The conflict in Afghanistan has also had spill-over effects on Indo-Pakistani relations. The strategic partnership agreement between India and Afghanistan and the growing Indian presence in that country, have only added to Pakistan’s concerns that India is attempting to squeeze it from both the east and west. With uncertainties surrounding the internal dynamics of a post-NATO Afghanistan, it also could become an arena for India-Pakistan hostility to play out. That would have serious consequences, not only for the peace and stability of Afghanistan, but also for the region as a whole.

Role of Non-State Actors

The problem of Non-State Actors (NSAs) and their trans-frontier activities has been one of the most vexing issues between the two South Asian neighbours in recent years. In the past decade, it has brought the two countries to the verge of war in 2001-02 and again in 2008; it also derailed the Composite Dialogue process between them, which appeared to be regaining some traction after a hiatus of three years. Hopes were further raised by the election of Nawaz Sharif to the office of Prime Minister. Sharif has made no secret of his wish for peace and warmer relations between India and Pakistan, despite the fact that he has not received reciprocation from India. The recent eruption of violence across the Line of Control in Kashmir, which in normal times would be a routine affair, has been blown out of proportion by the Indian media and some political parties with an eye on the forthcoming national elections in India. Incidents such as the attack on the Pakistani High Commission in New Delhi by political activists can only add to the acrimony. Such incidents have compounded the already acute trust deficit between the two countries. India has accused Pakistan of sponsoring “cross-border terrorism” against it and, after the recent cross-LOC incident, blamed the Pakistani Army for fomenting trouble. Pakistan complains that India has provided material support, through Afghanistan, to the insurgents in Baluchistan and parts of the Federally Administered Tribal areas in the north-west and is now unhappy that instead of a responding to peace overtures, India is ratcheting up the anti-Pakistan rhetoric. If the proposed meeting between the two Prime Ministers on the sidelines of the United Nations General Assembly meeting in New York in September takes place as planned, it will hopefully help in improving the atmospherics of India-Pakistan relations.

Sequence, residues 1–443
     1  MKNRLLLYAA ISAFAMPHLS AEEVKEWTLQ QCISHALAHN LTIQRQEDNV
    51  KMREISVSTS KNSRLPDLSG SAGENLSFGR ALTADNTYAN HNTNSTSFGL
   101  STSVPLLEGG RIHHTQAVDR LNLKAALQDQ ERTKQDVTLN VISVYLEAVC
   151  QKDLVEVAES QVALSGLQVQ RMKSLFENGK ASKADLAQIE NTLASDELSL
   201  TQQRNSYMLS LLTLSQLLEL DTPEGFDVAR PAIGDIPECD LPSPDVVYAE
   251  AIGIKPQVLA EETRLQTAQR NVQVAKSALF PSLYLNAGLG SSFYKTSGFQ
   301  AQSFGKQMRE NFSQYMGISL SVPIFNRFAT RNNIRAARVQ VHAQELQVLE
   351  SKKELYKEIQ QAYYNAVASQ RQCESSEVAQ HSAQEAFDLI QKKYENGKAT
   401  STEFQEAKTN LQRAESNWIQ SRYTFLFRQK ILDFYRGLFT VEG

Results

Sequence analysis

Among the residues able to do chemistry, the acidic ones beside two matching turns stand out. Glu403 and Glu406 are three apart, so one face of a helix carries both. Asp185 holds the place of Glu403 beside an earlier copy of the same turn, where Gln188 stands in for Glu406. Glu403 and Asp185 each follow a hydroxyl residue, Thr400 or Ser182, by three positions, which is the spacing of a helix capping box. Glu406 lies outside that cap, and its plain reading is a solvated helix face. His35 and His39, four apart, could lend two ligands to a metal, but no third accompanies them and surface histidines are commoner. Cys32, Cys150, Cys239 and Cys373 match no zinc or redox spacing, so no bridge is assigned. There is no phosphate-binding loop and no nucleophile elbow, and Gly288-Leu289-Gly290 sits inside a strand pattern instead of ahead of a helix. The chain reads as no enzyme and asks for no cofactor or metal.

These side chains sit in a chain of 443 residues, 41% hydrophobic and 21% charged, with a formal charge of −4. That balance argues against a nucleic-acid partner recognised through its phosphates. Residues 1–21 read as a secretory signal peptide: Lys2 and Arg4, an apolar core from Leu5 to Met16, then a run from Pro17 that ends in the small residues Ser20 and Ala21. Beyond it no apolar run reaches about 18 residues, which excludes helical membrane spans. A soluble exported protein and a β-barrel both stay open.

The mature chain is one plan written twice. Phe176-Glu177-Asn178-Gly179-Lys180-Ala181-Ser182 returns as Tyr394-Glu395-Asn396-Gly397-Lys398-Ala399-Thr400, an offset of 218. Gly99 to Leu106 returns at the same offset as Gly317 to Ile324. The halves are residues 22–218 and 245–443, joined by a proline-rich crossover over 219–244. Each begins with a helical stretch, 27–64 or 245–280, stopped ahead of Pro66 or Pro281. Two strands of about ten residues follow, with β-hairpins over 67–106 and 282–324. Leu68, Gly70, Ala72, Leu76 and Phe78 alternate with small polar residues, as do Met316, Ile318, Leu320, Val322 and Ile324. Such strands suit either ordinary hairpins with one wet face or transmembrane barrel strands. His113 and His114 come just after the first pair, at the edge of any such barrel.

Areas of Common Interest   

Peace and stability are pre-requisites for economic development, trade and politico-socio-cultural relations. This has assumed added urgency since South Asia has obtained nuclear capability, as there is now little margin for error. It is imperative that the security situation in South Asia is stabilised and made as resistant as possible to the periodic shocks caused by the actions of NSAs. Avoidance of crises, prevention of conflicts and the building of mutual confidence should therefore be common objectives for the two countries. 

There is a huge potential for the expansion of bilateral trade between India and Pakistan, especially now that the long-standing issue of Pakistan granting Most Favoured Nation status to India seems closer than ever to being resolved. But other issues, such as non-tariff barriers to trade, will have to be addressed before any positive move can be made towards increasing trade. There is also a long list of items on the negative list which have to be looked at before significant improvement can be achieved. The promotion of official trade will discourage smuggling and other means of illegal trade that at present cost the two countries substantial lost revenue.

The serious energy shortages faced by both countries are hampering their economic development. India cannot maintain a healthy economic growth rate if its energy resources remain inadequate, as was made apparent by the total blackout of northern India in July 2012. In Pakistan, normal public life has been badly disrupted by chronic electricity outages for many years and the scarcity of energy has also adversely affected industrial output.

It would be in the interests of the two countries to forge co-operation in the field of energy. While India has effectively withdrawn from the proposed Iran-Pakistan-India gas pipeline project, it still seems to be interested in the Turkmenistan-Afghanistan-Pakistan-India (TAPI) gas pipeline. TAPI depends largely on peace and stability in Afghanistan, which means that India and Pakistan should have a peaceful and stable Afghanistan as a common cause, rather than competing for influence there. In the much longer term, depending on the overall state of their relations, the two countries could possibly also collaborate in the field of nuclear energy.

How to Achieve the Desired Outcomes

The 1999 Lahore Memorandum of Understanding was the first Indo-Pakistani effort to come to grips with their mutual problems and to explore measures to reduce tensions in a nuclearised South Asia. Though the process was interrupted by the Kargil episode, the proposed confidence-building measures (CBMs) were taken up when the composite dialogue resumed in 2004, resulting in some significant bilateral agreements. It appears, however, that the list of CBMs agreed to at Lahore has been exhausted and currently there seems to be no discernible forward movement in the bilateral talks. It is important that negotiators think of new and innovative CBMs and establish an oversight and review mechanism to monitor the performance of past agreements, to give some impetus to the peace process. But CBMs can only be expected to provide temporary stability at best and, ultimately, the two countries’ outstanding political problems, including the Kashmir dispute, will need to be resolved.